- Biden transportation policy seems broadly positioned. It’s tempting to focus solely on electric vehicle (EV) support thanks to the candidate’s oft-repeated commitment for 500,000 new charging stations. We think an EV infrastructure-based commitment coupled with tax credits fits better within a Biden energy policy rubric than an outright mandate or ban on internal combustion engines, which would be more likely to trigger consumer acceptability issues. Yet Biden has spoken of enhanced energy efficiency for cars and trucks more broadly, and counts the inclusion of CAFÉ standards in the auto bailout as one of his early Obama administration victories. Beyond EVs, look for commitments to advanced liquid motor fuels, increasing octane to support efficiency objectives, and alternative technologies like hydrogen fuel cells.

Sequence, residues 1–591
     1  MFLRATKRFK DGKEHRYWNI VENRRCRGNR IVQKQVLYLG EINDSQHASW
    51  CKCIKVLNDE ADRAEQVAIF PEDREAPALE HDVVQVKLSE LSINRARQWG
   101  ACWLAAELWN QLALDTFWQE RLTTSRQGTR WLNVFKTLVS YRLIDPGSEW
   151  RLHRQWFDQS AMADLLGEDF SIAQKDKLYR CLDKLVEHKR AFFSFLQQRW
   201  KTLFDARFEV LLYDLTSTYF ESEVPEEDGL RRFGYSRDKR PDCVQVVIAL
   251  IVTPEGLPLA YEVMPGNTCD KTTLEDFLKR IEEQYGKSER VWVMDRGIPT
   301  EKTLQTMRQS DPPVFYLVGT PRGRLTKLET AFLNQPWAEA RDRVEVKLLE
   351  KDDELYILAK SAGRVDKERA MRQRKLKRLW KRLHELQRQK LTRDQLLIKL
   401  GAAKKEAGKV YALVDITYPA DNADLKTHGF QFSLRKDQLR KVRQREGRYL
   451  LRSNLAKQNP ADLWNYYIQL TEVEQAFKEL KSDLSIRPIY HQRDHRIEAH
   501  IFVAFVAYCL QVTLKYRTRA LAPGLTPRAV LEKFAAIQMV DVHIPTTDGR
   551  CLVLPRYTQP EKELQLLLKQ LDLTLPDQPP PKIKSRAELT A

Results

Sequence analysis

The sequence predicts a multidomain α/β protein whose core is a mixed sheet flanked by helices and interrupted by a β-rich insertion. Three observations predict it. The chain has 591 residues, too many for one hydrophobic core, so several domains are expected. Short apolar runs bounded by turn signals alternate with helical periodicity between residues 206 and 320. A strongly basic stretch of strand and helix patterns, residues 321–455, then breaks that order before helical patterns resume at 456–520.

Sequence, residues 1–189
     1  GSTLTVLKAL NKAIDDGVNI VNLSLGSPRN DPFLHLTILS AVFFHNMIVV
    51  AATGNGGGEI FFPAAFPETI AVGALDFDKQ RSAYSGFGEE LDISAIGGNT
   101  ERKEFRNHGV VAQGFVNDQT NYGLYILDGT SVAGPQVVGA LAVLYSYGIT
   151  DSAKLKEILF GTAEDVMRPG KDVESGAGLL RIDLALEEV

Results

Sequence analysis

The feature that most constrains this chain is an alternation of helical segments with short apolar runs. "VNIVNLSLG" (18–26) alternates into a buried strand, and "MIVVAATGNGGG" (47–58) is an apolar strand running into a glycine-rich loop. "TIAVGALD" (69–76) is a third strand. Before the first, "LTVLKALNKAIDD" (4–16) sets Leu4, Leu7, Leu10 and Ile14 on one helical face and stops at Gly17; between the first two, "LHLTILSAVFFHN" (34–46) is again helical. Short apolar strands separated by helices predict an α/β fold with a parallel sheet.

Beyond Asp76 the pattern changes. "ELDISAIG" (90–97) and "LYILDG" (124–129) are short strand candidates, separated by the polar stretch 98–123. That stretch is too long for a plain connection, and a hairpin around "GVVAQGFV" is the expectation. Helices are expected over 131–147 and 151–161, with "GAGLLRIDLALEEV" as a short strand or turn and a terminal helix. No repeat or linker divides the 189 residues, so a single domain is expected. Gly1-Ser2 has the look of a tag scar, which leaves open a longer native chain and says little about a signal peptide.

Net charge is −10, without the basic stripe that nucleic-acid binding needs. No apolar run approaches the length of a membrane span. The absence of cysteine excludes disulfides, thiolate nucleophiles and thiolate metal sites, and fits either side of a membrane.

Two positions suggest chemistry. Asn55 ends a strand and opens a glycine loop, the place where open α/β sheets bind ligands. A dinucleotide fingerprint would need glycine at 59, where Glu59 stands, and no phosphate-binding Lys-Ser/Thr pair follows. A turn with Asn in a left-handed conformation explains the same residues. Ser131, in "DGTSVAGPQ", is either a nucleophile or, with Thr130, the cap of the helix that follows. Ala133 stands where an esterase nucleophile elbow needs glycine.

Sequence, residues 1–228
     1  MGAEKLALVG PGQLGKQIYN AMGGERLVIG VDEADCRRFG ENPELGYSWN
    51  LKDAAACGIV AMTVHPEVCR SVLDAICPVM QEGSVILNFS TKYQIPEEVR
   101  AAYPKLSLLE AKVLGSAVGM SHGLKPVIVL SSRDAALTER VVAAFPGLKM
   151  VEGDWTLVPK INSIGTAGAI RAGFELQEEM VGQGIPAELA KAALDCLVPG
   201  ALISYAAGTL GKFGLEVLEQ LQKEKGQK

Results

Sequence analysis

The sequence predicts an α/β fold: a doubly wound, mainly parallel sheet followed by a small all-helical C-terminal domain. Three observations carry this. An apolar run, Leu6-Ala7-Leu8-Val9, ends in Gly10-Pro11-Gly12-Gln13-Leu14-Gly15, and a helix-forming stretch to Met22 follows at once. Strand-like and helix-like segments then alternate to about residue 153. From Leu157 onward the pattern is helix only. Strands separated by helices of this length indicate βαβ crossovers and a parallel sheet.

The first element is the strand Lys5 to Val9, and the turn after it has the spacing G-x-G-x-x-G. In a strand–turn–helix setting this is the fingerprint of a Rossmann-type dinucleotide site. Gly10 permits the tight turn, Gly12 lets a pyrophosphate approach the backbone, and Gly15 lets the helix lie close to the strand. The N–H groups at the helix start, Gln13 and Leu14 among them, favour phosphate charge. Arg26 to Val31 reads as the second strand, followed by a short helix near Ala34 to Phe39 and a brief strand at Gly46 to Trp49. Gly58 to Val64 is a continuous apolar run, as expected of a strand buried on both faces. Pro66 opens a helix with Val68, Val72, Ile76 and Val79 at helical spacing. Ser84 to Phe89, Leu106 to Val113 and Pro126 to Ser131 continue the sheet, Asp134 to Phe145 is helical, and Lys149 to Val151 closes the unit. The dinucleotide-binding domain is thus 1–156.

- A different offshore? While the offshore oil and gas sector will continue to see choppy waters from market conditions and a skeptical administration, other opportunities may emerge. Offshore wind (OSW) developers can look forward to leaving much of today’s disruptive federal permitting uncertainty behind, while doing their part to reduce the intermittency of the renewable resource base. The best-in-class Gulf Coast offshore energy industry may also find new opportunity in OSW, as well as more aggressive schedules for plugging and abandonment activities.